What’s new at in­ter­na­tional schools this month

Expat Living (Singapore) - - Life & Family -

Tell us about the col­lab­o­ra­tion be­tween ISS and Rainbow Cen­tre, a haven for chil­dren with mod­er­ate to se­vere spe­cial needs.

The nine-month cre­ative project was based around the trans­for­ma­tion of four com­mon­place Louis XV arm­chairs into art pieces that em­body con­cepts of aware­ness, in­clu­sion and em­pow­er­ment. Each chair was a vis­ual rep­re­sen­ta­tion of the dis­abil­i­ties that the Rainbow Cen­tre chil­dren live with. The chairs be­came part of a larger public ex­hi­bi­tion and a do­na­tion cam­paign that funded the con­struc­tion of a new wing at the Cen­tre.

Why is the project im­por­tant for ISS stu­dents?

This is one of many ex­am­ples of a “Cre­ativ­ity, Ac­tiv­ity, Ser­vice” (CAS) project un­der­taken by each stu­dent. It demon­strates how young peo­ple can make a dif­fer­ence, and help ad­dress world con­cerns. Their projects are global and di­verse, from build­ing a bas­ket­ball court for an In­done­sian or­phan­age to con­struct­ing boats to trans­port school­child­ren in the Philip­pines.

What’s the key take-home mes­sage for par­ents?

El­e­men­tary stu­dents are im­mersed in a va­ri­ety of mean­ing­ful projects de­signed to help them meet their IB learn­ing ob­jec­tives while de­vel­op­ing their so­cial and civic con­science. By high school, stu­dents’ per­sonal and in­ter­per­sonal growth, as recorded in their re­flec­tions, helps sup­port their ap­pli­ca­tions to higher ed­u­ca­tion. It’s the chil­dren’s own re­flec­tions, how­ever, that demon­strate the depth of their ex­pe­ri­ence. One stu­dent said she found ways to over­come her per­sonal com­mu­ni­ca­tion bar­ri­ers with the Rainbow Cen­tre chil­dren, while an­other said work­ing with kids with dis­abil­i­ties showed her that any­thing is pos­si­ble.

I started at UWCSEA in Au­gust 2015. On com­plet­ing my sec­ondary ed­u­ca­tion at an all-girl public board­ing school in Nairobi, Kenya’s cap­i­tal, I was un­sure what ca­reer path I would fol­low. I fig­ured that UWC, with its wide choice of sub­jects, ex­per­tise and fa­cil­i­ties, would help me work out what to pur­sue.

The prospect of study­ing with peo­ple from vastly dif­fer­ent back­grounds and cul­tures was very ap­peal­ing. My pre­vi­ous school was a small bub­ble; ev­ery­one had al­most the same per­spec­tive. I wanted a challenge, and knew this would be pos­si­ble with the exposure to world is­sues that UWC con­tin­u­ally pro­vides.

Ad­just­ing to the board­ing life­style was bit­ter­sweet. It was my first ex­pe­ri­ence of liv­ing in a dif­fer­ent coun­try, with­out my fam­ily, and the cul­ture shock was ev­i­dent. How­ever, the board­ing house staff and com­mu­nity were warm and wel­com­ing. They helped me set­tle down and were al­ways there in case I had any prob­lems. I was afraid I would drown in this big com­mu­nity, but with the at­ten­tion and in­di­vid­ual care we re­ceive, it’s im­pos­si­ble for that to hap­pen.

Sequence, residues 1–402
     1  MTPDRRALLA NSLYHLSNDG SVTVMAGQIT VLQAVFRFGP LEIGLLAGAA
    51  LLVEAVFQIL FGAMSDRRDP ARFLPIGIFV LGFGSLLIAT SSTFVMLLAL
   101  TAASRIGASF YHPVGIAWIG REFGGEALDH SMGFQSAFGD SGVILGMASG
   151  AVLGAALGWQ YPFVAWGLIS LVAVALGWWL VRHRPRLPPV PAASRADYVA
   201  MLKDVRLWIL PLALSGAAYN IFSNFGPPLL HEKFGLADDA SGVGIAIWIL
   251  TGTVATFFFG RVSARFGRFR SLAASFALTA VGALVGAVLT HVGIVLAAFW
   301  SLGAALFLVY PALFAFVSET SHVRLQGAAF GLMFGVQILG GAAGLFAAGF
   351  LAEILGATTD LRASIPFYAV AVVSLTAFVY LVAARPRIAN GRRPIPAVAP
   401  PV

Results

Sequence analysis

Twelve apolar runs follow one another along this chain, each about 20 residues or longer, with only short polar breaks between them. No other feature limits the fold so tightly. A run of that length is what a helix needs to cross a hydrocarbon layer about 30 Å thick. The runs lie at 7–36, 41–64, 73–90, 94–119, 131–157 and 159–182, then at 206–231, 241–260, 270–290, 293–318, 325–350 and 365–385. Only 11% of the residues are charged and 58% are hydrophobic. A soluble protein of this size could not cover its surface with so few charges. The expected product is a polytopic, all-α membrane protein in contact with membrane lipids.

The board­ers are from di­verse back­grounds and cul­tures, so the dis­cus­sions over din­ner are in­ter­est­ing! We ar­gue, dis­cuss, de­fend the stances of our coun­tries, and even cor­rect mis­guided as­sump­tions. At one of the reg­u­lar In­ter­na­tional Evenings, we sim­u­lated a Kenyan wed­ding for the board­ing house com­mu­nity, and other board­ers pre­sented songs, dances and in­ter­est­ing facts. This was an ef­fec­tive way to come to­gether and tap into the rich cul­ture em­bod­ied by the school. A favourite mem­ory is when my Hon­duran friend sur­prised me with the lyrics of a Kenyan-swahili song.

UWCSEA’S wide va­ri­ety of ac­tiv­i­ties has made me more con­fi­dent, vo­cal and pas­sion­ate about world is­sues. I’ve par­tic­i­pated in The Hague Model United Na­tions in The Nether­lands, acted as a Chi­nese im­pe­rial ad­min­is­tra­tor in a school drama pro­duc­tion, helped raise funds to aid re­for­esta­tion ef­forts, and learnt self-de­fence skills in mar­tial arts.

On com­ple­tion of my stud­ies I in­tend to go to the US to ma­jor in in­ter­na­tional re­la­tions with a mi­nor in en­vi­ron­men­tal pol­icy, and re­turn to Kenya to make a dif­fer­ence within my field. Be­ing a UWC scholar is a life- long com­mit­ment to tak­ing de­ci­sive steps to be a change maker in so­ci­ety. In learn­ing from oth­ers I hope to make the fu­ture safer, sus­tain­able and more peace­ful.

MARCH 2017

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